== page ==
Annuity rates have been on a downward trend for many years as life expectancy increased and interest rates fell, reducing the income providers are able to generate from their investments. However, they also took an additional hit immediately after the Brexit vote as gilt yields plummeted.
Andrew Tully, technical director at Retirement Advantage says: ‘Annuity rates hit a market low shortly after the vote to exit the EU, as gilt yields, which annuity companies invest the assets in, tumbled. But over the past 18 months, we’ve witnessed a slow but steady improvement in rates, largely driven by improving gilt yields but also market pressures as companies compete for business. This is good news for people who are looking for the 100 per cent security of a guaranteed lifetime income in retirement.’
However, Nathan Long, senior pensions analyst at Hargreaves Lansdown points out that there are some nuances in the wider figures, with rates not rising for all buyers. For example, a 60-old buyer would only get £4,738 today compared to £4,919 in February 2016. Rates were also lower for buyers in their seventies.
Mr Long says: ‘We attribute this to two things. The rates offered by annuity providers for those aged 65 need to be competitive as it remains a popular point to buy an annuity. While the age of accessing is widespread and will become increasingly so, there is still some small element of anchoring to state pension age.’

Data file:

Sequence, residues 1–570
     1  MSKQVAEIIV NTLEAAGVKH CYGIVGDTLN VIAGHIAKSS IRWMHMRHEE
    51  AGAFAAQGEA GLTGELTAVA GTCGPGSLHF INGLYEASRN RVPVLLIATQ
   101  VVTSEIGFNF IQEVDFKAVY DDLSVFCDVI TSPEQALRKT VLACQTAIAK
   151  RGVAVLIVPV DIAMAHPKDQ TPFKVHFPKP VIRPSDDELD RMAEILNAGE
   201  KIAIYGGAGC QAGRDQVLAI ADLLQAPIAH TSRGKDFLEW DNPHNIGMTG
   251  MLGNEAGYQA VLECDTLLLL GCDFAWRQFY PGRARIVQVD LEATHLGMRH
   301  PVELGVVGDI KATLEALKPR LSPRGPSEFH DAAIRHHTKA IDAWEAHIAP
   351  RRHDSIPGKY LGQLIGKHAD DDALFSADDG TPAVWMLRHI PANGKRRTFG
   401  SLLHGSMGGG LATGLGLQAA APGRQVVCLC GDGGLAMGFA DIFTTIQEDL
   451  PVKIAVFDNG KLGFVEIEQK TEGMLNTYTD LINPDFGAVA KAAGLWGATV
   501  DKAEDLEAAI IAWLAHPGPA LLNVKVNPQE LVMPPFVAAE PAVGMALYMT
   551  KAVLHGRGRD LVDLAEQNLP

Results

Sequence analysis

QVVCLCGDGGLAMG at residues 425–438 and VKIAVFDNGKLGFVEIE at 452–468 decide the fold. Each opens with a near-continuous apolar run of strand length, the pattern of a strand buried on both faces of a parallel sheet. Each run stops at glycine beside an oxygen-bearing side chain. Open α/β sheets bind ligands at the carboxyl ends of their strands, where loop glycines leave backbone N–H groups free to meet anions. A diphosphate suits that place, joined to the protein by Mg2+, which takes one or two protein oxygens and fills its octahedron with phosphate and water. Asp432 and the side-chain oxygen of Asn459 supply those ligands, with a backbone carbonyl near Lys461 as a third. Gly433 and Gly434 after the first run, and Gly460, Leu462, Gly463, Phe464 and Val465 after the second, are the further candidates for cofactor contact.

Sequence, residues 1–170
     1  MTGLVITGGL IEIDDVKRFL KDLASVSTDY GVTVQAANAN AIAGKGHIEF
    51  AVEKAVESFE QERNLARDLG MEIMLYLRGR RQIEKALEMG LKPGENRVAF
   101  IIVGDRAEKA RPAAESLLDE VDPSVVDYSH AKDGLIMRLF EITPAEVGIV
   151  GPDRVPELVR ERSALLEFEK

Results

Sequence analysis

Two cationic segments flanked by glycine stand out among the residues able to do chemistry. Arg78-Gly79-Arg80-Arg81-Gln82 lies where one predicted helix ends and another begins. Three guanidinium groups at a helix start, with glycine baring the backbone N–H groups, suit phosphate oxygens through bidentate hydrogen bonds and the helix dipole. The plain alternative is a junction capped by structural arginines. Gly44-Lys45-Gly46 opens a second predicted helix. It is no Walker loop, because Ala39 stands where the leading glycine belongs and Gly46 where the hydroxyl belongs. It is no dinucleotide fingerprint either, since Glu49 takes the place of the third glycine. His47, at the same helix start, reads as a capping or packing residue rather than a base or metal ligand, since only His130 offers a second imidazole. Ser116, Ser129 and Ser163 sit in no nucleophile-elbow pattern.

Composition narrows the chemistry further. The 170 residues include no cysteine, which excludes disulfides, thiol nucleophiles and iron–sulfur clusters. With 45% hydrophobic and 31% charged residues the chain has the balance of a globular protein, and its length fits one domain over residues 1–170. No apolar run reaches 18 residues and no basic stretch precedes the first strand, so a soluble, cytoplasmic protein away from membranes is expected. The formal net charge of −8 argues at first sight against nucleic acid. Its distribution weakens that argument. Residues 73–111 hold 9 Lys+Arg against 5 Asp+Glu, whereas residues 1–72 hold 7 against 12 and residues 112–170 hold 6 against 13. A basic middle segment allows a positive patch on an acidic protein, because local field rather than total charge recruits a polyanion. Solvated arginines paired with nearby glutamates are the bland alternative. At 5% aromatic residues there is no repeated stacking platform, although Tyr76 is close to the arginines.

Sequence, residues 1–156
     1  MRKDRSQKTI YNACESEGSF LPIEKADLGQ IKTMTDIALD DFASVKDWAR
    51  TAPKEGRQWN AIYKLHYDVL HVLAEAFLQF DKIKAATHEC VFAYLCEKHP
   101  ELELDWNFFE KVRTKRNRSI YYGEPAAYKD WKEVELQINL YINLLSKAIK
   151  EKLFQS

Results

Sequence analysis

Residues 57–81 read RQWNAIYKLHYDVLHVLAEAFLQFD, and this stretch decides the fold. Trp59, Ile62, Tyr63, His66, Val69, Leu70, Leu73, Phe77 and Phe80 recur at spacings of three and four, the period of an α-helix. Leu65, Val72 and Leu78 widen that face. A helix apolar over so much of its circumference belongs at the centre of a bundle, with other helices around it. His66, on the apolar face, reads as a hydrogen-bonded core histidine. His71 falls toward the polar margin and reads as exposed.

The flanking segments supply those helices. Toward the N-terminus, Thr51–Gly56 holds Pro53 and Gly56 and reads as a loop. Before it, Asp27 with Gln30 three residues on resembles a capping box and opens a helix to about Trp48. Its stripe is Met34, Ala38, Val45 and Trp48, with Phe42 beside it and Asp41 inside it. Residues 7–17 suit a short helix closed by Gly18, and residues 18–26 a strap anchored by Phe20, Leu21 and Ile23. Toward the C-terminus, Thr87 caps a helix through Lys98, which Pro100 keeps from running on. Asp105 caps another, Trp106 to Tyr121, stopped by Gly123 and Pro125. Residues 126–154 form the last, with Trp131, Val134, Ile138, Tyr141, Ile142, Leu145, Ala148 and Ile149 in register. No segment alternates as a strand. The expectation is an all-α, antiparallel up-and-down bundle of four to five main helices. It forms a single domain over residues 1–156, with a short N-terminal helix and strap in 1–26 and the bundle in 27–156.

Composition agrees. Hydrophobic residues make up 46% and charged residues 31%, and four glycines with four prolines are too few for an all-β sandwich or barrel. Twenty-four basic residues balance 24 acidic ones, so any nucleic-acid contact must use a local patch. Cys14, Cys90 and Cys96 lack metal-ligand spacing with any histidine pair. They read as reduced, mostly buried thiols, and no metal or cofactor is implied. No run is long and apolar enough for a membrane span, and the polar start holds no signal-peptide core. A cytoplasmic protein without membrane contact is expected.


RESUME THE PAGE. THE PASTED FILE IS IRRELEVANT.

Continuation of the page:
He adds: ‘Secondly, the introduction of more sophisticated underwriting means more than half of people now qualify for a higher income due to their health or lifestyle. This is particularly true with those who are older as any health conditions have had time to manifest themselves. As a result, the rates for those in good health are not quite as competitive because they are held back by the insurers’ need to pay higher incomes to those who are not expected to live as long.’
While there is frequent movement in annuity rates, often month to month, experts agree that it is difficult to accurately time an annuity purchase. Instead, buyers are advised to shop around to make sure that they get the best rate.
Mr Tully adds: ‘Never accept the offer from your pension company for your annuity. It will always pay to shop around the open market, much like you would with your insurance or utility bills, to ensure you get the best deal from your annuity. The difference in income can result in thousands of extra pounds income over the course of your retirement.’
This article was originally written by our sister publication Moneywise.
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